If it had been a hack, they said, the NSA, due to its global surveillance capability, would have known long ago the precise location of the sender and receiver. It is unthinkable that the NSA would not be able to identify anyone—whether Russian or not—who tried to interfere in the U.S. election by hacking. Even the notorious John Bolton, himself a leading neocon, speaks of a “false flag” operation, and suspects that the American intelligence services hacked the Democratic Party’s computers themselves, in order to be able to lay the event at Russia’s doorstep.

In fact, a number of Trump’s nominees for cabinet posts are people who know exactly where the bodies are buried when it comes to Obama’s many activities that could one day become the subject of legal investigations. And so Obama’s last stand is obviously also a gigantic maneuver to deflect from potential prosecution.

Otherwise, anyone who followed what was billed as Obama’s last press conference saw someone who had absolutely nothing to say apart from unfounded allegations and “post-truth” assertions about the wonderful situation of the American economy. No vision. No perspective.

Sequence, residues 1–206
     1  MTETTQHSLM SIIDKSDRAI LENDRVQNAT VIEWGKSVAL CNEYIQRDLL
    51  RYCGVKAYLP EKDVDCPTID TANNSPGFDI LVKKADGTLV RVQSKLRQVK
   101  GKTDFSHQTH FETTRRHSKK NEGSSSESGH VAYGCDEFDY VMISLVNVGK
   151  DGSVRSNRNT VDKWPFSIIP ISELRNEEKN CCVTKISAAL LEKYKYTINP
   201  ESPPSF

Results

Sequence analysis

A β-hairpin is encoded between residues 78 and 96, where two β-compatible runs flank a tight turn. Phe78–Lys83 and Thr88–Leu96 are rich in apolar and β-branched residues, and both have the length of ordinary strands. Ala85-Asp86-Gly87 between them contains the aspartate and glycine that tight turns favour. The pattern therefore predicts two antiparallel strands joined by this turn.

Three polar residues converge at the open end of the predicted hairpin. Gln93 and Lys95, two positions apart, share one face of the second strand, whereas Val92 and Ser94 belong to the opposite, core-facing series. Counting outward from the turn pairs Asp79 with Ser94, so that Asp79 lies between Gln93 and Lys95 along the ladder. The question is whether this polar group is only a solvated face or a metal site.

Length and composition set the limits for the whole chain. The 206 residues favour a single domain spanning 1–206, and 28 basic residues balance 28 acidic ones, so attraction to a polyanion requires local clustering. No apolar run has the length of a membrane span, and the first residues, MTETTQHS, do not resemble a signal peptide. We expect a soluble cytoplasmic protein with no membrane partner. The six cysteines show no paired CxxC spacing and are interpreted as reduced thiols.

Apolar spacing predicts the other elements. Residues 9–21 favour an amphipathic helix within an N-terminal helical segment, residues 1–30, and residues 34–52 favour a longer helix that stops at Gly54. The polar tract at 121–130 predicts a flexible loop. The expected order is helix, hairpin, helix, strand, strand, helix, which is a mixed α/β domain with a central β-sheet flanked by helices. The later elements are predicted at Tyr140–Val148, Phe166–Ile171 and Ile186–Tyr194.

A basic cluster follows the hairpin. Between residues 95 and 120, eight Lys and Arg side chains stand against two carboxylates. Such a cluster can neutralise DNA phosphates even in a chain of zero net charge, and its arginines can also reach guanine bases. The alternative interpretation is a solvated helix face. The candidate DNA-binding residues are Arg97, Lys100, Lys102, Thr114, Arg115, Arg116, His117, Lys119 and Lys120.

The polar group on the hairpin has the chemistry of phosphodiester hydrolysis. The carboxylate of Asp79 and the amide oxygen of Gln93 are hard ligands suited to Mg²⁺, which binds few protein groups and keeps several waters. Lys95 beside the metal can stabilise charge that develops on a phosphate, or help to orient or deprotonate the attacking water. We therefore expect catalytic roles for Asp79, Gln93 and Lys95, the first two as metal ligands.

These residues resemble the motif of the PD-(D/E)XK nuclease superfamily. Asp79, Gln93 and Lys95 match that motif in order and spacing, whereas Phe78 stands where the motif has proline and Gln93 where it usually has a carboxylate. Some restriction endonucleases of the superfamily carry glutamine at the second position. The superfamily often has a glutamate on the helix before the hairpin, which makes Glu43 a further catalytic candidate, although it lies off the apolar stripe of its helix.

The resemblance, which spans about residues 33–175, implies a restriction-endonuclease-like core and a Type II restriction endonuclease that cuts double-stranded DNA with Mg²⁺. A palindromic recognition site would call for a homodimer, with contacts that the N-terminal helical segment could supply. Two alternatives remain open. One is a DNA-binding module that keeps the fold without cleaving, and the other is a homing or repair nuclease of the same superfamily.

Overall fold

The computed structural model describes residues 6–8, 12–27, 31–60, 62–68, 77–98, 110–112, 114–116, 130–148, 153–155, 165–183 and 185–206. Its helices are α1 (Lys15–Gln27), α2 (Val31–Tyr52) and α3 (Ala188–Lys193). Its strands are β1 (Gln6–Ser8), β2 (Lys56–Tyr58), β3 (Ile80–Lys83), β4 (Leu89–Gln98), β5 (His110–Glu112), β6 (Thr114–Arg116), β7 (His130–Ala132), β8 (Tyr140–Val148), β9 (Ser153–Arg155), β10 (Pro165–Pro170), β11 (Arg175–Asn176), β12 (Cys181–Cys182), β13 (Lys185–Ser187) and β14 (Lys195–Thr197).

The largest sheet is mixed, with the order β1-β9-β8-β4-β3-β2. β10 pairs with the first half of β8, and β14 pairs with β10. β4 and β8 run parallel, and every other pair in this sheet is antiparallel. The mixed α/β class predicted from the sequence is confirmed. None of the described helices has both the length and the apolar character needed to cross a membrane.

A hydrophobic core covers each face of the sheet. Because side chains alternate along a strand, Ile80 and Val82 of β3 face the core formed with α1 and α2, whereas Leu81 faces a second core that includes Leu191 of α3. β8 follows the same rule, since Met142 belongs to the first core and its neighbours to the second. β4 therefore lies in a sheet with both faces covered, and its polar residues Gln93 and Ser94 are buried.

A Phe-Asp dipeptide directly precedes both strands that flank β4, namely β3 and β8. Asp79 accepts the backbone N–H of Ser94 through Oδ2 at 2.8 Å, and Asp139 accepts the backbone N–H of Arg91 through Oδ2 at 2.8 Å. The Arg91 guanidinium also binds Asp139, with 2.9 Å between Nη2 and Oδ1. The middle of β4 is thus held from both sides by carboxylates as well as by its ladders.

Germany Falls into Line

What then does it mean, in this campaign alleging Russian hacking, when Bruno Kahl, the new president of the German Federal Intelligence Service, the Nachrichtendienst, takes the same line as CIA Director John Brennan in declaring that there are “indications” of a trail leading to Moscow—thus obviously defending the neocons’ line instead of the truth? What does it mean when the CDU/CSU demands a “hard line” against Moscow in connection with the alleged cyber-attacks?

It doesn’t bode well. The notoriously pro-British Anne Applebaum, the Washington Post columnist, is “100% sure” that the Russian government will try to steal victory from Merkel in the 2017 German elections, “exactly as it did with its intervention against Hillary Clinton.”

It has become clear since German Defense Minister von der Leyen expressed her “deep shock” over Trump’s election, that many of the proponents of the failed paradigm of neoliberal globalization are not part of the geopolitical campaign against Russia and China because they get orders from Wall Street and the City of London, as many had assumed, but because geopolitics is a fundamental axiom of their identity.